John Aislabie first began to create the landscaped gardens of Studley Park around 1716 but it was only after he retired from Parliament under dubious circumstances that he was able to devote fully to the task. During his time as Chancellor of the Exchequer, Aislabie guided the bill through the House of Commons whereby the South Sea Company would take over the national debt in exchange for government bonds. But when the South Sea Company collapsed in 1720 it was found that Aislabie had received £20,000 of company stock in exchange for his support for the scheme. He resigned as Chancellor and was found guilty of the “most notorious, dangerous and infamous corruption”. He was expelled from the House, removed from the Privy Council, and imprisoned in the Tower of London. Upon his release, he retired to Studley.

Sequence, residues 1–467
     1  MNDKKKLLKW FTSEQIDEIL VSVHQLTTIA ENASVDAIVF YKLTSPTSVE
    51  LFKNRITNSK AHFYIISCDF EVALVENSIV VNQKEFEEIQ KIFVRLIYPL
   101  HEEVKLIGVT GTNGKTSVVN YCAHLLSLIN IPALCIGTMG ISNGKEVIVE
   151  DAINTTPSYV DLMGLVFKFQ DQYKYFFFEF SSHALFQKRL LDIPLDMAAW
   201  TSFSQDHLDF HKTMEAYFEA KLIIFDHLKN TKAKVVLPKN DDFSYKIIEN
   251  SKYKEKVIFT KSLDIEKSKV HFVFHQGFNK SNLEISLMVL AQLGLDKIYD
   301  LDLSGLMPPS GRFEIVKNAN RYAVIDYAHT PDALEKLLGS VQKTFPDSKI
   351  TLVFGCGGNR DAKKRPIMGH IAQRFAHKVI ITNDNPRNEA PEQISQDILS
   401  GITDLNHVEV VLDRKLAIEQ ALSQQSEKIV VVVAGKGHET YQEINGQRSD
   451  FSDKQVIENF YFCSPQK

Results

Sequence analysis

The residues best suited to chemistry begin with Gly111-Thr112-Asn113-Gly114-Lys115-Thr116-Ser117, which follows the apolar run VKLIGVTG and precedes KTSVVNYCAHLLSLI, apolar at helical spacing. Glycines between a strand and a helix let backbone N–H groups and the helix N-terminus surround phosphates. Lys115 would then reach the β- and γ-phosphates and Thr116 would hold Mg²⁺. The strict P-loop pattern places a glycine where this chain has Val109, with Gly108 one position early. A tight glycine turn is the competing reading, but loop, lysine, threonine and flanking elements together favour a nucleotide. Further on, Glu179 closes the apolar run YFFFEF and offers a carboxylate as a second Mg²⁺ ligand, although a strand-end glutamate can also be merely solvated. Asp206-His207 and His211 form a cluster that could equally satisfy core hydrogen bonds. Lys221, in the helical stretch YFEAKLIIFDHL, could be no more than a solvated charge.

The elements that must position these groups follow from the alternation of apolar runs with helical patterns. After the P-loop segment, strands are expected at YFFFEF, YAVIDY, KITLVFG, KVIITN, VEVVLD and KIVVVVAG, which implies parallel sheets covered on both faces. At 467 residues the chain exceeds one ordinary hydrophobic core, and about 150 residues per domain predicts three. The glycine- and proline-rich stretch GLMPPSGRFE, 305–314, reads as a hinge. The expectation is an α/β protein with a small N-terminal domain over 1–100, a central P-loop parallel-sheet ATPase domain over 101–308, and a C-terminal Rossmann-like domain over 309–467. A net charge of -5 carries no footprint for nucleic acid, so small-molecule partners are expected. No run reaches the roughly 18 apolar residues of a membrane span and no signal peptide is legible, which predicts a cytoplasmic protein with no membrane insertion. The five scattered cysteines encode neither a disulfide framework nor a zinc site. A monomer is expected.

One of the landscaping features was the damming of the River Skell to create a series of lakes, the largest of which is called The Lake. Studley Park is a National Trust property and, along with Fountains Abbey is a designated World Heritage Site.
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